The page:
in what it originates, except in the agreement of different countries in its wholesomeness, I know not. A strong proof of its not being dictated by instinct I have witnessed in Italian as well as English children, who are both trained with difficulty to the ractice, and usually enticed into it by bonuses of beef and mutton. A whimsical confirmation, indeed, of my opinion was lately offered, by o place, in an old gentleman, who, not having been in infancy either beat or bribed into bread, never adopted it in afterlife, continuing to his death a curious specimen of unsophisticated carrion. If his example makes against the notion of this use originating in instinct, it might also (as far as a single instance can tell) suggest some doubt of its necessity; for the carnivorous person lived long and merrily. The present anecdote, and some others which I have not given you, and more particularly the having once seen a man eat melon with Spanish snuff (a sight not singular, as I am told, in Italy), have almost forced the conviction upon me, that there is no such thing as a gamut for the palate. If you urge, in opposition, the general analogy of nature, I do not know what battle I can make; but if you attack me with the trite instance of the passion of young children for spirits, I shall observe that they soon grow out of it: and this, therefore, seems to prove nothing more than an early obtuseness of palate, which is gratified by any thing that is stimulating. And something analogous may be re

marked in the young of other animals, as in puppy-dogs, who eat filth till they come to dog's estate, &c. Having related the domestic uses of Chrismas eve, there yet remain those of two other days to be described. The table of Christmas day is besieged by a much smaller circle than on the vigil of the feast, being, on the present occasion, only surrounded by the family, or those intimately connected with it. Here too there are dishes of prescription, though I never heard that any penalty was attached to the abstaining from them, as is the case in England. But as almost every superstition exists, in its whole or parts, all the world over, so this is also to be found here under the general head of Moon, who, as the arbitress of tides, is the great cause of all inexplicable effects. Hence a lower Venetian, who has no money in his pocket, at the appearance of this planet, expects to remain without it till she has repaired her horns. St. Stephen's day brings with it, I believe, little that is remarkable, except the general rush from all parts of Venice to the theatres, which, having been closed for a short time, re-open on that day. There seems to be as much superstition, indeed, as to being seen at the Opera, at the theatre of the Fenice, on that occasion, as is attached to eating the torta de lasagne on Chrismas-eve. The only intelligible attraction is, that the Opera is always new ; but as such, it must necessarily be deficient in the precision of its machinery. Notwithstanding such an objection, a box, on this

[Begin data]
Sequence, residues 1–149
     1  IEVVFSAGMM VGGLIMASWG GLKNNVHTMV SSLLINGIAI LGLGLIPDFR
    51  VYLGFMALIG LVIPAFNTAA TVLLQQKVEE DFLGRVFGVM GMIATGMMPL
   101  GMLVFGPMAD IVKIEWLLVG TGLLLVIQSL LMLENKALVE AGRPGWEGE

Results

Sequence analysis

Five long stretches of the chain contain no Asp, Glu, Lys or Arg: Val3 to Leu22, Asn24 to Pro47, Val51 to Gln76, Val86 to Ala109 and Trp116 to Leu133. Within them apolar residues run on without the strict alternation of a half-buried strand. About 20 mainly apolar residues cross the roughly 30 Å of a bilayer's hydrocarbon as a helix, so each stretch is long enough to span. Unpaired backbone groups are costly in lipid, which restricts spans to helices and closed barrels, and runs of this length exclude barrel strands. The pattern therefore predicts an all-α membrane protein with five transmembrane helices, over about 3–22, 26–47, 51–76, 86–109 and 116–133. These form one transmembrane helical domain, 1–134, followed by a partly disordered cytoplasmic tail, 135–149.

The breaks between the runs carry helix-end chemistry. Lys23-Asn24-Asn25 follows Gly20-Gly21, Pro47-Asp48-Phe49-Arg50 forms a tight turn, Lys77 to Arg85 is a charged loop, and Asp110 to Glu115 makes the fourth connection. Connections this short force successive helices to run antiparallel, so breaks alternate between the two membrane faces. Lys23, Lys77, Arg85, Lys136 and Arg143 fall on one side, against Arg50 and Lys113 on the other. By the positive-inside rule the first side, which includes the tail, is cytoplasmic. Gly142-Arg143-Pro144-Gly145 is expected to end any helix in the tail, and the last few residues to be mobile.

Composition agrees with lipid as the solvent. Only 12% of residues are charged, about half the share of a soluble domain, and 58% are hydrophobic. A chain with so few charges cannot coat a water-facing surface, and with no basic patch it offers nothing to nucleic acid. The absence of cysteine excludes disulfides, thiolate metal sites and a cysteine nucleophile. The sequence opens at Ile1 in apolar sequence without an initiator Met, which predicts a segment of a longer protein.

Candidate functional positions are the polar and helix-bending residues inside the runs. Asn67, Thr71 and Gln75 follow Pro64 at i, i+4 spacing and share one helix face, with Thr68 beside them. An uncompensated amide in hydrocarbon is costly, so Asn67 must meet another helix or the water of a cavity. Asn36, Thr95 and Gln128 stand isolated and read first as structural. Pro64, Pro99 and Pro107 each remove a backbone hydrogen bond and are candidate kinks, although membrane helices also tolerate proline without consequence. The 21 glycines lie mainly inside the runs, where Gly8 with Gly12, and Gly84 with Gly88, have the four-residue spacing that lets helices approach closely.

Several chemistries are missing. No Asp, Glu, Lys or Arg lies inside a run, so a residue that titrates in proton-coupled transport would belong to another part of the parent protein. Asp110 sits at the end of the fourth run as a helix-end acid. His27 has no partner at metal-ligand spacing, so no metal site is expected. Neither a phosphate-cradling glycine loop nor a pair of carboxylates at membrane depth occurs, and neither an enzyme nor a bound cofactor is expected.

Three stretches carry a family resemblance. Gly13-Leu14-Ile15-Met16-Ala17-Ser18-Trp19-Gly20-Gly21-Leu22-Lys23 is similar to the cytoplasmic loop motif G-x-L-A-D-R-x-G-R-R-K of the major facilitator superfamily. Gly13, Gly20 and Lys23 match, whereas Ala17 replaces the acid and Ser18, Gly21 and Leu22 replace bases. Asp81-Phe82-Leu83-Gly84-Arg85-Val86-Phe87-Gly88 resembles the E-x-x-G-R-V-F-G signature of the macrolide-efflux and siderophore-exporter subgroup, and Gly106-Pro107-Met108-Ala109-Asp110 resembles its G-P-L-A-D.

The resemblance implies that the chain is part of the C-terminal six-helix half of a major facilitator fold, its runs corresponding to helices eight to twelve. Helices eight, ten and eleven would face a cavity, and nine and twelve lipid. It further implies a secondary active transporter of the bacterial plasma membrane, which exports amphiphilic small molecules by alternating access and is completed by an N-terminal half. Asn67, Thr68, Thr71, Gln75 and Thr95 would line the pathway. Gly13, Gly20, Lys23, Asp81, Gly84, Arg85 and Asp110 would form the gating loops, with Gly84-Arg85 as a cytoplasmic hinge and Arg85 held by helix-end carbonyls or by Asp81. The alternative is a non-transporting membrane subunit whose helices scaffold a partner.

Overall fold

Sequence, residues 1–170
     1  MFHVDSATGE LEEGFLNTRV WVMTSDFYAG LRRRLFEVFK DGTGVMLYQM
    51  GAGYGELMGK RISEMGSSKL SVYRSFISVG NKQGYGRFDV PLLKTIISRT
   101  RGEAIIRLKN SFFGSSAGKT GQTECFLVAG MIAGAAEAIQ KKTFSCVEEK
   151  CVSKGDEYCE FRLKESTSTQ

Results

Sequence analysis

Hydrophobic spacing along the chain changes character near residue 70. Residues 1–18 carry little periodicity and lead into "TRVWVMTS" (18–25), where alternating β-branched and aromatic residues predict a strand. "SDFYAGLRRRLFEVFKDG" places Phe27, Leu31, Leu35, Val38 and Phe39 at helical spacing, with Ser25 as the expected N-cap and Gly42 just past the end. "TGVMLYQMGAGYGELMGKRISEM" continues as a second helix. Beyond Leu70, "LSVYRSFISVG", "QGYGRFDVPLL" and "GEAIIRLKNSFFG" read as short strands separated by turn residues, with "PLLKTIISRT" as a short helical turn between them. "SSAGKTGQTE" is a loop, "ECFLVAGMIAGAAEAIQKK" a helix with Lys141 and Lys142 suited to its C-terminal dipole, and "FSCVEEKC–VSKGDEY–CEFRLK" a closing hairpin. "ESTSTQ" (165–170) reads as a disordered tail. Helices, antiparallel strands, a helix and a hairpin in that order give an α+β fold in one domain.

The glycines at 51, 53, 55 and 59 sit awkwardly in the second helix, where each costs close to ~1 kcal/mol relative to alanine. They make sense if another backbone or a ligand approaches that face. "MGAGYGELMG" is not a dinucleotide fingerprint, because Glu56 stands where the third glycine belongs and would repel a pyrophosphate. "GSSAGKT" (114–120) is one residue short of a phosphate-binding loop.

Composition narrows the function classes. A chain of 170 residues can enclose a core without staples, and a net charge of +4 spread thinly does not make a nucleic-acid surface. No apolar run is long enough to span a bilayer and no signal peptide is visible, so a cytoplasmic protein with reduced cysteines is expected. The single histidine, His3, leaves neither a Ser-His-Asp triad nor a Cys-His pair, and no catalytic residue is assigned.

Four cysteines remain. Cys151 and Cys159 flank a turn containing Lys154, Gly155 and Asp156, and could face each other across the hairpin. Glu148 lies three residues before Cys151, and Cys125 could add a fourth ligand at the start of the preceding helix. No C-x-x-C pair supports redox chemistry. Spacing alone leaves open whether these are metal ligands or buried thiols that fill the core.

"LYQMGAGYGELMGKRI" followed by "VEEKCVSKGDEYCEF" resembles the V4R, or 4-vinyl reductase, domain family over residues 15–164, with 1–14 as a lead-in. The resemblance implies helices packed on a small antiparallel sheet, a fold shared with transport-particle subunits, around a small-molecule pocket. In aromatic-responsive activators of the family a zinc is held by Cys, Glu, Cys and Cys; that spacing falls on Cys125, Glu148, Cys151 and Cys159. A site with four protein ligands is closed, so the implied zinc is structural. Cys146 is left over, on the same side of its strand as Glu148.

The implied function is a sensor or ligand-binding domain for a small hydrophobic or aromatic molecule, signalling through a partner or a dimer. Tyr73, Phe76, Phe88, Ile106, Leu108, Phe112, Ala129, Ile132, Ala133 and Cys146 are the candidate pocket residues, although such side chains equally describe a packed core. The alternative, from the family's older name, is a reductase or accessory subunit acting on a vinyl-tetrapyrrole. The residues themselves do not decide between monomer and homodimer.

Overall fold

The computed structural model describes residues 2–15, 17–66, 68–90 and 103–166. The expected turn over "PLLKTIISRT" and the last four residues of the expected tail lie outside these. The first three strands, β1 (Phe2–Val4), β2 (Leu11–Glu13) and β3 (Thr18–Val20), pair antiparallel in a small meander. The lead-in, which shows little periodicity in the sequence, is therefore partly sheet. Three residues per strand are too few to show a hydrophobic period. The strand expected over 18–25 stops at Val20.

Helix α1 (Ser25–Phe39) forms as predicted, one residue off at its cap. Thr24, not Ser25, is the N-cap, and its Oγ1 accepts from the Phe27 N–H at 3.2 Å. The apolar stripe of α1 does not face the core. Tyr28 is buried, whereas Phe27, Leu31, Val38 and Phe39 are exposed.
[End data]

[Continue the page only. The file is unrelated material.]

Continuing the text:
night, cannot be had under five or, perhaps, ten guineas, which, three nights afterwards, may be procured for one—nay, at the interval of some weeks, at the price of fifteen pence, as I know from personal experience. If it is suspension of rank not to appear at the Phoenix; it is absolute forfeiture of cast not to be able to say that you were at some theatre or other; and, on the evening of St. Stephen, not a lady is to be found at home in Venice. To take a long leap : the Epiphany is called here the Epifania, or Besania, indifferently; as if it took its name from the Besana— an odd sort of she-goblin, who is supposed to preside over Twelfthday. This is not distinguished by the ceremonies with which it is celebrated by us, though some of these were of Latin origin. The rites are propitiatory of the Befana, who seems to fill the same place here which the queen of the fairies formerly did in England. Children usually leave her a part of their supper, or, at least, a brown roll (for she is supposed to prefer brown bread to white), and a tumbler of wine. As a receptacle for the exchange of merchandize, they suspend a stocking in the kitchen, which is found, the next morning, filled with dirt, rubbish, and a few sweatmeats. I need not observe that the bread and wine disappear. At Rome a puppet, representing the Besana, is dressed up and hung with Christmas presents. There is nothing here, that I am aware of, which is interesting in the scenic part of the religious functions of this festival, with the exception of the music of a hos,

called la Pastorale, in commemoration of that with which our Saviour is supposed to have been saluted by the shepherds, and usually imitative of the sounds of the pastoral pipes. This, which is various in various churches, is always composed according to the principles of the old school. Its tone, on this solemn occasion, is much relished by the Italians, notwithstanding they are by no means fond of ancient music, having (as I should imagine is the general disposition of man) much more sensibility to melody than harmony, and seldom pretending to a taste which they do not really possess.

You will not, I think, quarrel with me for stringing together the “auld world,” as well as the newer stories of the place; the less so as all recollections of ancient Venice may be considered as things saved from the waters. The customs of the city have changed; her ports and channels are filling up, and her palaces are crumbling into ruins. Yet a little, and Venice will be a Babylon, with the substitution of the gull for the bittern and the porpus for the fox. Should you be (as I believe) desirous of raking for riches amidst her rubbish, read the Feste Veneziane, lately published by la Dama Reniel Michièl. This lady has, in her description of the Venetian festivals, put together much that is curious and interesting, and having formed a chaplet out of relics long trampled in the dirt, hung it up on the altars of her country, in a spirit that would not have misseemed the most illustrious of her ancestry.